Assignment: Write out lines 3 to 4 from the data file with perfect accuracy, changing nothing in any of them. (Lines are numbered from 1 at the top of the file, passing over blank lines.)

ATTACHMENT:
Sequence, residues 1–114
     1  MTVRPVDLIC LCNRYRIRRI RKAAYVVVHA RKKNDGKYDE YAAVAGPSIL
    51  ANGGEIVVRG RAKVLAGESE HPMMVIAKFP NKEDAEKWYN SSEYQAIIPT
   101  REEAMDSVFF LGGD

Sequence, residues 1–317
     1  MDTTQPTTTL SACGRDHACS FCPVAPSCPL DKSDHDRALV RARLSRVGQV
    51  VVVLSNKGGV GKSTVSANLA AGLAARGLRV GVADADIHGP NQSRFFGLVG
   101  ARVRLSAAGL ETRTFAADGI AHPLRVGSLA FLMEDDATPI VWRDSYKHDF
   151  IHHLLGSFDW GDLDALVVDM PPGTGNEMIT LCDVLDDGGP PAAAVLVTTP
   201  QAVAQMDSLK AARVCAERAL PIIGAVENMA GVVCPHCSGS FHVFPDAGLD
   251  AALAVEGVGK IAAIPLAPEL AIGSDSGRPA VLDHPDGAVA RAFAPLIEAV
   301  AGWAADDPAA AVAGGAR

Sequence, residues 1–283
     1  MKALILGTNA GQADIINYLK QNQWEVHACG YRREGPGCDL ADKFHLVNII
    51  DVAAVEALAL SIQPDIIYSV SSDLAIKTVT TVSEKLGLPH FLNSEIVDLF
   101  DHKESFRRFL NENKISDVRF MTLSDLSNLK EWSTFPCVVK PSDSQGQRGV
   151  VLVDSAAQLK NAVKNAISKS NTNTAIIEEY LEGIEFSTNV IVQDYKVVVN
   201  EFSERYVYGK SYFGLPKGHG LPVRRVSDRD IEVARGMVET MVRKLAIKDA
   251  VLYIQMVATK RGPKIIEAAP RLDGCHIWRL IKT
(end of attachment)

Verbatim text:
    51  ANGGEIVVRG RAKVLAGESE HPMMVIAKFP NKEDAEKWYN SSEYQAIIPT
   101  REEAMDSVFF LGGD